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Just to weigh in, I have about 13K miles on my GTS250 from new. I love it, stone reliable, fun as hell, super practical around town. I have a fly screen and rear case which increases the practical factor even if it decreases the sporty factor. Maintenance can be expensive, I don't do my own wrenching, but have a good local independent mechanic. Tires don't last long but the Heidi's last 2x as long and they are excellent. By one that someone has loved and ride the hell out of it. I would buy another without thinking twice.
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Old 04-22-2012, 03:27 PM   #22
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You guys are starting to convince me. I found a 2009 leftover at a dealer that would come with full warranty for 5000 + doc fee and tax. Do you think that is a good deal? I just missed a used 2009 already with top case for 4000 which is closer to what I had wanted to spend.

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Old 04-22-2012, 07:15 PM   #23
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2005 GTS 250ie I bought in 2008 from the local Vespa dealership which had used it as a demo at a show where it picked up a couple of scratches so it was put in a backroom to "fix" and promptly forgotten about. I primarily use it for in town riding having a Scarabeo 500 for longer trips but I've took it to Amerivespa when it was in San Antonio a couple years ago for a 1,280 trip. I've also taken a few 200-300 mile trips but most of my Vespa riding is in the 4-40 mile range.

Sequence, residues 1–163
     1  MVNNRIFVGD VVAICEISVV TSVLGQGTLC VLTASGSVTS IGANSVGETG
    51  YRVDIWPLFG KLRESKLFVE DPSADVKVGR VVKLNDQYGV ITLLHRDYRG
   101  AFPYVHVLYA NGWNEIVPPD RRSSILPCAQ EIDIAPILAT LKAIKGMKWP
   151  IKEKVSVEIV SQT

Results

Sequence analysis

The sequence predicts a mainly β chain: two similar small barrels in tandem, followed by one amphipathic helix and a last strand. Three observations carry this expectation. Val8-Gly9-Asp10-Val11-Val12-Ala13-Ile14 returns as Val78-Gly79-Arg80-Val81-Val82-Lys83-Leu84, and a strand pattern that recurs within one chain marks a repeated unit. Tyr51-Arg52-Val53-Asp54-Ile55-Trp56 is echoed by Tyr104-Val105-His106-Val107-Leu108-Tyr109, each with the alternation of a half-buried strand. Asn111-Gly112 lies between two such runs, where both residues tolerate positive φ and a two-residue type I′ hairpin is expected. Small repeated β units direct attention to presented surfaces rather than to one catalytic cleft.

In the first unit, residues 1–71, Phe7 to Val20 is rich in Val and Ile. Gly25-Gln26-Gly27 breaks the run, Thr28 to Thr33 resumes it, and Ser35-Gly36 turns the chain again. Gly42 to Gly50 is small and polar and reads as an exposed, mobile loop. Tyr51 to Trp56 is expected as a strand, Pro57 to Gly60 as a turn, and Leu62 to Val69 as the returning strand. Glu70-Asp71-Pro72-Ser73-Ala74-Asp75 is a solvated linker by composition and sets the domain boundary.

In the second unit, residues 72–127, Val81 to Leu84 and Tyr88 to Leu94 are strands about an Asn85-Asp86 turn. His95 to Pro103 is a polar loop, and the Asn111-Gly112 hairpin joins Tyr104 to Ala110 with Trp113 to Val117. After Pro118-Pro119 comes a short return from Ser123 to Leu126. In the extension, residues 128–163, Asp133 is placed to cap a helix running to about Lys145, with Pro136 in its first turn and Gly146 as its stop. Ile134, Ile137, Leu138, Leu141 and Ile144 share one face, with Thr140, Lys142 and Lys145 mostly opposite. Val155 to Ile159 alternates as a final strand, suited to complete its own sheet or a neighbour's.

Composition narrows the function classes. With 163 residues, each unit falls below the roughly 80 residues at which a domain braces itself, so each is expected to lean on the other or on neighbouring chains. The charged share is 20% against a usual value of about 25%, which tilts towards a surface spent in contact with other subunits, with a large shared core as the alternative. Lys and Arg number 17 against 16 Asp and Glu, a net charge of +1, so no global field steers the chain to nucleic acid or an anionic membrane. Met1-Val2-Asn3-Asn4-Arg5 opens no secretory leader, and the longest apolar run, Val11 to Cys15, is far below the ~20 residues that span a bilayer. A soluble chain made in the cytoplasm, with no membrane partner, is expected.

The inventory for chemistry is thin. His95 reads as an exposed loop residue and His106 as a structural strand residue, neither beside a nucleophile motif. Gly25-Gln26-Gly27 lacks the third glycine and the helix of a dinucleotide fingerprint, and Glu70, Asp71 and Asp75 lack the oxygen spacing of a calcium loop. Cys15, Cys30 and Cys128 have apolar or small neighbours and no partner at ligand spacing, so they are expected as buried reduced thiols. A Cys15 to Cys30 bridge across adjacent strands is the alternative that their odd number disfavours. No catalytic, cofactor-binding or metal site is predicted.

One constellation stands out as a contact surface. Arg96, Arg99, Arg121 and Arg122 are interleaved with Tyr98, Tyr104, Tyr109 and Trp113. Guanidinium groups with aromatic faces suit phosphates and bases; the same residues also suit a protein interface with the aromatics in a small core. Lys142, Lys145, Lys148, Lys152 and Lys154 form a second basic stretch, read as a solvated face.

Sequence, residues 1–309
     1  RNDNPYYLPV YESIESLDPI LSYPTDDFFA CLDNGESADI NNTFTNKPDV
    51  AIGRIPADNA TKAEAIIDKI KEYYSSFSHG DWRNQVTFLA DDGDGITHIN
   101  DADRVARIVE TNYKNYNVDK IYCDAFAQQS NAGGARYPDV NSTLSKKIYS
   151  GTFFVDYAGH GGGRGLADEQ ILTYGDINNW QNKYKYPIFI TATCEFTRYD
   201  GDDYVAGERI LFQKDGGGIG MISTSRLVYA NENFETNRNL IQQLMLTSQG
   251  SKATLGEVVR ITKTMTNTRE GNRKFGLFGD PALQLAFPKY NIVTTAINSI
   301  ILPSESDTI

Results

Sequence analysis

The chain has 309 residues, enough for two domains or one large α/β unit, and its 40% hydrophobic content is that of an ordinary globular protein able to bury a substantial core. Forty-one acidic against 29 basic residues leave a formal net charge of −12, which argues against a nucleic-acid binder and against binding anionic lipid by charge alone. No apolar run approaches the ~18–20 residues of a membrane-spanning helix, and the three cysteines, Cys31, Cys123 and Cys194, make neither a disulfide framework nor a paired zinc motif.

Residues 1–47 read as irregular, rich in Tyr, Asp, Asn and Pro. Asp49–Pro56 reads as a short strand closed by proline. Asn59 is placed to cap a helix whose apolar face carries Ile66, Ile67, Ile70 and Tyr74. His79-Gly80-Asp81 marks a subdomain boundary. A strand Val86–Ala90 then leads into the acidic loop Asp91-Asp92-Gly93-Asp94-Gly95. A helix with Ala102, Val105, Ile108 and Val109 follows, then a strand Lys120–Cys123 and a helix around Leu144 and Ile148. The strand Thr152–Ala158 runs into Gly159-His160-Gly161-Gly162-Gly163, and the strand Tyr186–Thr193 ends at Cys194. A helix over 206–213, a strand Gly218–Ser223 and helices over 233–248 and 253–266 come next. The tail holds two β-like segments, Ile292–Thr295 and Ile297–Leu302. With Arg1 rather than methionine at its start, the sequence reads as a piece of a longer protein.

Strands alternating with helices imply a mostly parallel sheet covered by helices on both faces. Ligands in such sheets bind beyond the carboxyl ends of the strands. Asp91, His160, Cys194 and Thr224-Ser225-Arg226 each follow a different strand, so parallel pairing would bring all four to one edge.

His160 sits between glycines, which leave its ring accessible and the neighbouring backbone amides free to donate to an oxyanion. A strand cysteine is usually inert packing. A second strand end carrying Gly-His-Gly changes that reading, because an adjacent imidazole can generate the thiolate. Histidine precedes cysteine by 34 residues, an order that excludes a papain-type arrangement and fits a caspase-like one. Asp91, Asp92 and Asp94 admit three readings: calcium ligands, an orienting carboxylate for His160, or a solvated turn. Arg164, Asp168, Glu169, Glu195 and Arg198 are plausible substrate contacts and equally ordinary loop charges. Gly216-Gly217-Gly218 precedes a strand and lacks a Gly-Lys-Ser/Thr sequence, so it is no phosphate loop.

Cons - none other than routine maintenance - oil changes and other service as in the manual. I don't do a lot of mods to my engine. Mine came with an upgraded front shock and I added the Scooterwest power point but everything else on the scoot other than cosmetics (windscreen, chrome and Corbin seat) is stock.

Pros - classic, makes people smile and I have gotten away with parking it places that have run off other scooters and motorcycles because as they said "its a Vespa". Fast enough for the freeway but extremely manuverable in town. Okay, our Buddy is even more manuverable and makes a great scoot for my son to ride to high school but it isn't a Vespa.

Tires I got a bubble on my front tire somewhere around 4,000 miles so I replaced the tires with Pirellis and have been very pleased with them. I've got about that on my current set of tires with no wear issues on front or rear yet.

Seat, I did put on a custom seat but that was as much because I wanted a silver seat to go with my silver scoot as anything else. My husband thinks the stock seat is more comfortable than the Corbin.